The 10- Second Rule that Can Save Your Life

ID-10055103Someone once said they wished there was an app that allowed them to take a picture of the food they were thinking of buying at the grocery store that would then tell them whether or not they should eat it.  How do you pick the right foods at the grocery store? How do you know which ones you should never place in your cart?

Well, there is not an app like that (yet!), but there is something almost as easy. It is called the Nutrition Facts box. It tells you the serving size, calories, fat and sugar content, and sundry other facts. And, it only takes ten seconds to make a decision that is better for your health.

Whether you look at a box of club crackers or a bag of potato chips you will notice on the side of each container a label that shows in large print: Nutrition Facts. The diagram shows serving size, calories, different fats, sodium, total carbohydrates, dietary fiber, sugars, and protein.

Those are all interesting facts, but you can concentrate on one little section of the box. Train your eyes to go directly to the total fat and cholesterol segment of the box.

You want to concentrate on the “bad threes.” First, check the initial two items that are always listed directly under total fat: saturated fat and trans fat. In addition to those two, look for the dietary cholesterol number, which is always found just below the saturated fat and trans fat listing. Zero, zero, zero is your target.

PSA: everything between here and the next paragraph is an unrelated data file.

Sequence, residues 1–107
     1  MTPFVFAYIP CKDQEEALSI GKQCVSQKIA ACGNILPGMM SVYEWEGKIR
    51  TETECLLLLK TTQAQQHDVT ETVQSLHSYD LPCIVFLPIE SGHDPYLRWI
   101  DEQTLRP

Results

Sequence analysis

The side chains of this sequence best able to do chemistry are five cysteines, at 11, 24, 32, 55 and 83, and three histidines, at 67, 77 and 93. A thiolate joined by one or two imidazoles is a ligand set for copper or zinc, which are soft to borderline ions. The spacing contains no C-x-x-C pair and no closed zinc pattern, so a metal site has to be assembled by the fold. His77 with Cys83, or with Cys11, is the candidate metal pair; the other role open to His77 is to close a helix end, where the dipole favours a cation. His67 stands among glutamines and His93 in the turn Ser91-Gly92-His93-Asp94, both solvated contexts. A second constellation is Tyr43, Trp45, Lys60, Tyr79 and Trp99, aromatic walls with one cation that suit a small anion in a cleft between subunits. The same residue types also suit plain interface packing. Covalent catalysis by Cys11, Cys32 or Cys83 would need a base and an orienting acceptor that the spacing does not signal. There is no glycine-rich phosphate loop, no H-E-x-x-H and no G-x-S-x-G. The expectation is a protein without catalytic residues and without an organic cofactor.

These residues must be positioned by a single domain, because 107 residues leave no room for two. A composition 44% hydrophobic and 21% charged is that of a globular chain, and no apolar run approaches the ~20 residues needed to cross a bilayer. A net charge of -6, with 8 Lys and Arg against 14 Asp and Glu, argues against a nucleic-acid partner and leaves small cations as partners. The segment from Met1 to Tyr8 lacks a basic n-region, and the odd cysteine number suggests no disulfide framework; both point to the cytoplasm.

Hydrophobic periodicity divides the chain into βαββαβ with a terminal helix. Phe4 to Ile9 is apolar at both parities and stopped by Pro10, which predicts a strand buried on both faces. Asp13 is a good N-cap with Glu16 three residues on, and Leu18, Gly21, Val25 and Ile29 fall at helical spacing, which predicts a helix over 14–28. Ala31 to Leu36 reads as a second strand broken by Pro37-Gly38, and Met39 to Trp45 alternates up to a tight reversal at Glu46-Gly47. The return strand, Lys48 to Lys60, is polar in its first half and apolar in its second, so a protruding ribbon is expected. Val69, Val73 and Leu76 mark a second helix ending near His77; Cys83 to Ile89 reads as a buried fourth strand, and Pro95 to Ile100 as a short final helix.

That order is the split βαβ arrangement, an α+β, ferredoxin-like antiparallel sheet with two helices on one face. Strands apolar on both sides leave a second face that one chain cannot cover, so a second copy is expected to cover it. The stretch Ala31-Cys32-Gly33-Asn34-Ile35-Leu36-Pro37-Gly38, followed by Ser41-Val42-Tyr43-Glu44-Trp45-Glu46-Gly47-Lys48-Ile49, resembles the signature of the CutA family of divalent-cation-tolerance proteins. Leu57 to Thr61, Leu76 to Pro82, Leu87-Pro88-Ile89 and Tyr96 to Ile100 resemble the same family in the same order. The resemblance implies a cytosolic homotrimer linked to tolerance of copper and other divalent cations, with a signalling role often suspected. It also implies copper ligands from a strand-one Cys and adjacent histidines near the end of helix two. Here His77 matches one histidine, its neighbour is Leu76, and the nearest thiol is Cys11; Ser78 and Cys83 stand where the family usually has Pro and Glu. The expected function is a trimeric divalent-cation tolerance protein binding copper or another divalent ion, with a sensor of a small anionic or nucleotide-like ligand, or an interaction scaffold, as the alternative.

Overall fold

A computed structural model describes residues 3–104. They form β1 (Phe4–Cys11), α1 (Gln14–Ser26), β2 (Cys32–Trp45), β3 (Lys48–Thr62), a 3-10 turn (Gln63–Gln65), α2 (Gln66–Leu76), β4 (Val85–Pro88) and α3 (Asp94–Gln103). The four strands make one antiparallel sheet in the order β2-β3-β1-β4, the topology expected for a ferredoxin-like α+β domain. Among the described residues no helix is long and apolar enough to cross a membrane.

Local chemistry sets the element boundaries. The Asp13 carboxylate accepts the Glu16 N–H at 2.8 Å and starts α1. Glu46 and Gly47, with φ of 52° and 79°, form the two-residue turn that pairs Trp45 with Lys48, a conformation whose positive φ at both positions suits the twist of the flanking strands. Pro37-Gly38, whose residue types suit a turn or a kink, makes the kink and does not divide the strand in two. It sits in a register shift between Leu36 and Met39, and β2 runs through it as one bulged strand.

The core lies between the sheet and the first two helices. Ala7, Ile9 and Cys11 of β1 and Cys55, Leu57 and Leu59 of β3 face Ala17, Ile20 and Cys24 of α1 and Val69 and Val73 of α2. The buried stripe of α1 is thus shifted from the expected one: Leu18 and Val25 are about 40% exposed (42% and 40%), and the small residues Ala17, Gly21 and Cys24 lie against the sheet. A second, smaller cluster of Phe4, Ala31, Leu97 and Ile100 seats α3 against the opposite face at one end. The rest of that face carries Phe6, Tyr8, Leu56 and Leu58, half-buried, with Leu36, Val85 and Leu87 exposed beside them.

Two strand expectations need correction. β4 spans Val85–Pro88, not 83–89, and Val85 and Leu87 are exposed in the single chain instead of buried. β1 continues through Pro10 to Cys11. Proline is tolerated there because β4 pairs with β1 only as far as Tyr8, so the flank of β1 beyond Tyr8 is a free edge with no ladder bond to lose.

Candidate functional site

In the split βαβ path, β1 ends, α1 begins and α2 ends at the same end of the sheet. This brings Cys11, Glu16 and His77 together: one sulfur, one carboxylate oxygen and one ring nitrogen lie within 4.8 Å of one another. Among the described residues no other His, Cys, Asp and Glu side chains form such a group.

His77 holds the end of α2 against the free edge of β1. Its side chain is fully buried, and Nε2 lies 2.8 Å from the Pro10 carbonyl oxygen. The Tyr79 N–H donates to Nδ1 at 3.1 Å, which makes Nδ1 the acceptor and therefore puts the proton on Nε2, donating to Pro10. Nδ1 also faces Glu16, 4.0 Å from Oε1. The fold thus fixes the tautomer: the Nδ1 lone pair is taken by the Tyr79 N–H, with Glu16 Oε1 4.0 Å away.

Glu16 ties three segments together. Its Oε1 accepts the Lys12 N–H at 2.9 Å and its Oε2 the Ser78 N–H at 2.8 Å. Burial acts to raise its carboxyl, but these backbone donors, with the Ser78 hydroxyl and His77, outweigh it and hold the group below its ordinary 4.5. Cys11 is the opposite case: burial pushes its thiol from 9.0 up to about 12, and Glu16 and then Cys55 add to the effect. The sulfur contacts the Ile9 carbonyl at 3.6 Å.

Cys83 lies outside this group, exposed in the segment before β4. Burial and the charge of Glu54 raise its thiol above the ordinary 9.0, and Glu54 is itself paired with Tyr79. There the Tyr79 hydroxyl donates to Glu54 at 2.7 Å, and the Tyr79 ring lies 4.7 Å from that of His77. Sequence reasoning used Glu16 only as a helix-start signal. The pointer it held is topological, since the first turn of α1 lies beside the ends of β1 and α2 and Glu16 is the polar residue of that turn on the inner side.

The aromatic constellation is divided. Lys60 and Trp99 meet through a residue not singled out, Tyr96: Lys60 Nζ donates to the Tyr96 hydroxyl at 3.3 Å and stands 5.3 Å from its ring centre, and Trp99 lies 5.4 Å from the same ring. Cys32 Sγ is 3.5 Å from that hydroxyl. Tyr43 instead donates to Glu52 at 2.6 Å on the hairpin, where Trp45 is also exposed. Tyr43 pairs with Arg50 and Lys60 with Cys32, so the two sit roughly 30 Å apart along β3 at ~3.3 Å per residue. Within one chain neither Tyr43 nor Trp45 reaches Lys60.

Saturated fat, trans fat, and dietary cholesterol are the most significant elements in foods that result in the greatest elevation of LDL Cholesterol in your blood. The ten second rule is simple—look to see if there is any number other than zero beside each of these “bad threes,” and if so, put the item back on the shelf and find a similar food that doesn’t contain any of the “bad threes.” Those “bad threes” are the ones to avoid like the plague.

I don’t want to make it sound too simple, because you will find many, many foods with zero trans fat and zero cholesterol, but the saturated fat section is where you will have the most difficult time finding a zero. You have to bump your desired number from zero up to 0.5 grams of saturated fat. And that’s not 5; it’s 0.5. Develop your habit. If over 0.5 grams for saturated fat, put the item back.

Additionally, start a new habit by replacing packaged snacks with some nuts and bananas, grapes, oranges, blueberries, cherries, strawberries, or any other fruit you like. Nuts do contain saturated fat. But, they also contain a great deal more of the good fats than the bad, which I explain in more detail in my book, Prescription for Life.

If you develop that simple shopping step of knowing where to look on the Nutrition Facts box, you are off to the races. You will find food choices that are similar to what you want but have lower saturated fat content; all you need to do is look.

Think you know what items to put in your cart? Test your food knowledge with the Health I.Q . Quiz at Prescription For Life and  sign up for his newsletter for a dose of helpful advice each week!


“Nutritious Apple” photo courtesy of Stuart Miles at